Color Me Curious

I’ve got a terrible thing to admit. It’s something unforgivable, something so dark and heinous that I’ve waited years to tell you all out of fear of blackmail or just overwhelming, incomprehensible shame. Here it is, and I’m sorry in advance:

I still use hex values, like #FFF, in my CSS.

I know, I know! I should be using hsla() right? Or...uhhhh...lch()? Wait, no, I got this, I got this. It’s lab()! Or...hwb()? Of course. Duh! I should be using oklab()! That’s the best of the best and the future for color in CSS. I’m 100% confident here. WAIT! I’m supposed to be using color() instead now? But that’s a Safari-only thing, right? Huh? Wah?

Joking aside, I knew that hsla would be faster for tweaking colors than picking a random hex value but, and I note: I am stubborn as hell. Plus, now in 2023, CSS can do so many new and weird things with color that it’s pretty overwhelming and it’s far easier to simply put a hex-colored blanket over my head and pretend that nothing has changed since I started writing CSS back in 2012.

But! After looking into color in CSS over the last few days I realize that all these formats, what folks call color spaces, are all good at different tasks. It is a bit weird and complicated, sure, but it’s worth knowing because it makes your life easier as a developer.

To figure out what CSS can do with color in 2023, let’s first talk about gradients.

Since I started web design I’ve avoided gradients for similar reasons. They were just such a pain to get looking right! They would look dull and wouldn’t interpolate between the colors in the way that I expected them to. A bit of CSS like this...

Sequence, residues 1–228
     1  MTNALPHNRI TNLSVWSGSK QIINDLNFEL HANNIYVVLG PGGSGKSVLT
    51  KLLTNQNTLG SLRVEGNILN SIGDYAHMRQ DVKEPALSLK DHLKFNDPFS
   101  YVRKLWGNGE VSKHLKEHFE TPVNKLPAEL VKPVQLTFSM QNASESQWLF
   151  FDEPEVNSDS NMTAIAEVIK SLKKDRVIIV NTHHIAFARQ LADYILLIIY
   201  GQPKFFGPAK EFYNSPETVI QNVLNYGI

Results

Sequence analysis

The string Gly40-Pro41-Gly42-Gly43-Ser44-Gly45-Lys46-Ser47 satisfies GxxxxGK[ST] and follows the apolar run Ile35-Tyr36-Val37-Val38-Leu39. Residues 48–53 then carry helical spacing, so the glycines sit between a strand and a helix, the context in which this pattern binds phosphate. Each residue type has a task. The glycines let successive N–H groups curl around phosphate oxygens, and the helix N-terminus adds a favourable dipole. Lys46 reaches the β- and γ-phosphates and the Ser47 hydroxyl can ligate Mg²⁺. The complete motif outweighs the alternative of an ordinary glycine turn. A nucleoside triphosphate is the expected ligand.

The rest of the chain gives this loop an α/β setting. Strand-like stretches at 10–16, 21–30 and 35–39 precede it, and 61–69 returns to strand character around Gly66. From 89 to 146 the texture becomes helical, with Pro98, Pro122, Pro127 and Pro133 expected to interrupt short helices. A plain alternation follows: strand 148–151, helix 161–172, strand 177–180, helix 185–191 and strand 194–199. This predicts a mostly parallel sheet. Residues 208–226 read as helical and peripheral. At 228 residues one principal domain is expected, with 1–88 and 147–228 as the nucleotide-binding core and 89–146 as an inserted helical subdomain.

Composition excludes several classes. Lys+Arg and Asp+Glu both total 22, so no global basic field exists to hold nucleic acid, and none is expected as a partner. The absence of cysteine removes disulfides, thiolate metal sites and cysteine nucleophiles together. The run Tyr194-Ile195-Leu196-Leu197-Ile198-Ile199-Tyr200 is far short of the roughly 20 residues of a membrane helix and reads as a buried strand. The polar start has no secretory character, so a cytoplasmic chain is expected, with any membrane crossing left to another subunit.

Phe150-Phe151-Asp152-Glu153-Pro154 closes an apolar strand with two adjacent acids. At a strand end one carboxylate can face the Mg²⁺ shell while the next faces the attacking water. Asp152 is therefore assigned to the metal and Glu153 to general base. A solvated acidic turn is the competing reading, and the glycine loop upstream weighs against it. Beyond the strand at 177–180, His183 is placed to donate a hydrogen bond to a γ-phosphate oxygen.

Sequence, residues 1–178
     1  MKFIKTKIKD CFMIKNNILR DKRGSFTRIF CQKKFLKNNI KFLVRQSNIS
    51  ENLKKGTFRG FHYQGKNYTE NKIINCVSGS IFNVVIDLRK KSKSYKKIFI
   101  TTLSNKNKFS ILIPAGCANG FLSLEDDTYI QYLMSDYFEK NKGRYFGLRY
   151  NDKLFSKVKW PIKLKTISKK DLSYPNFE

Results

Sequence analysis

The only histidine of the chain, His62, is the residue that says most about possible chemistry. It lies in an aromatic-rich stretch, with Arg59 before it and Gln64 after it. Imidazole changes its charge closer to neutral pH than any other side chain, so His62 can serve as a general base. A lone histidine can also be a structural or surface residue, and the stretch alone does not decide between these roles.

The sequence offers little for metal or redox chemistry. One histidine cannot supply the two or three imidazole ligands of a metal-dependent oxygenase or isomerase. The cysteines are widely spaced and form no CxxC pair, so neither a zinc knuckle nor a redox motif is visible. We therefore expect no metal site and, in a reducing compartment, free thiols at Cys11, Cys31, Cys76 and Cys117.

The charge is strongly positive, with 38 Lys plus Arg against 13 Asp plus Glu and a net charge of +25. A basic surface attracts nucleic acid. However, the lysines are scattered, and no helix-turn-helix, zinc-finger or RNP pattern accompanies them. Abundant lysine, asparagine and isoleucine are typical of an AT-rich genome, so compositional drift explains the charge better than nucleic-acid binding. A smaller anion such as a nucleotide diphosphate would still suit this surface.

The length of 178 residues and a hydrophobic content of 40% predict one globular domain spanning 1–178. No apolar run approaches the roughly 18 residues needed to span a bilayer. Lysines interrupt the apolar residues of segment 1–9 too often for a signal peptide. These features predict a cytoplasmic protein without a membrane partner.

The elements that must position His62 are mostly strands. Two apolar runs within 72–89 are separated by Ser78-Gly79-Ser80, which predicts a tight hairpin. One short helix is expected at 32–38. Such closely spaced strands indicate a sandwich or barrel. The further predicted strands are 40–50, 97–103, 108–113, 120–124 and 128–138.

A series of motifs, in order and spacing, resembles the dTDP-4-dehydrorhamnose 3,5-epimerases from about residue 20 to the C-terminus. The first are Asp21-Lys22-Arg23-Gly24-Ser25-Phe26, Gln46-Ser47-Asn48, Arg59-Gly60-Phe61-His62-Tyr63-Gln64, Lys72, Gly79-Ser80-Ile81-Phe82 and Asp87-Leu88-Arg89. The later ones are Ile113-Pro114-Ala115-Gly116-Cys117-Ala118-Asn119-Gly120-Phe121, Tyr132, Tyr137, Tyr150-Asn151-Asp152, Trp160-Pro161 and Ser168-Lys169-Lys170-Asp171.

.element {
background: linear-gradient(to right, blue, red);

...would always produce the smudgiest, nastiness splash of color I’ve ever seen. And sure, I could add more stops or use a fancy gradient picker, but it’s easier if I just pick a hex and go work on other problems. See: stubborn.

The other day I stumbled on this video by Una Kravets and Adam Argyle where suddenly color spaces clicked for me though. It’s called Why does my gradient have muddy colors in the middle? and they talked about how to avoid the color decay and lack of saturation in CSS gradients that I struggled with. But let me summarize, in a meaner way, what Una and Adam reiterate in that video chat:


Okay, fine. So which color space should I use? Again, this question also depends on what kind of gradient you want. Here’s a demo I made whilst listening to Una and Adam that helped me visualize how all these color spaces express the same gradient—from blue to red—but in a completely different way:

CleanShot 2023-10-14 at 09.16.12@2x.png

See how they all look and feel completely different? rgb is a bit muddy in the middle, hsl is pretty intense, lch isn’t as intense but takes longer to become red, lab has a pleasantly medium middle, olkch feels like what I’d expect to see in a gradient, and oklab is pretty desaturated in the center. There’s no “correct” way to interpolate a gradient which is frustrating but sometimes things are frustrating for a reason and you just have to sit down and learn how all these things work together.

What color space would I pick for gradients? It depends. If I wanted my gradient to be vibrant, then I’d pick lch(). But in most cases I reckon I’m gonna stick with oklch.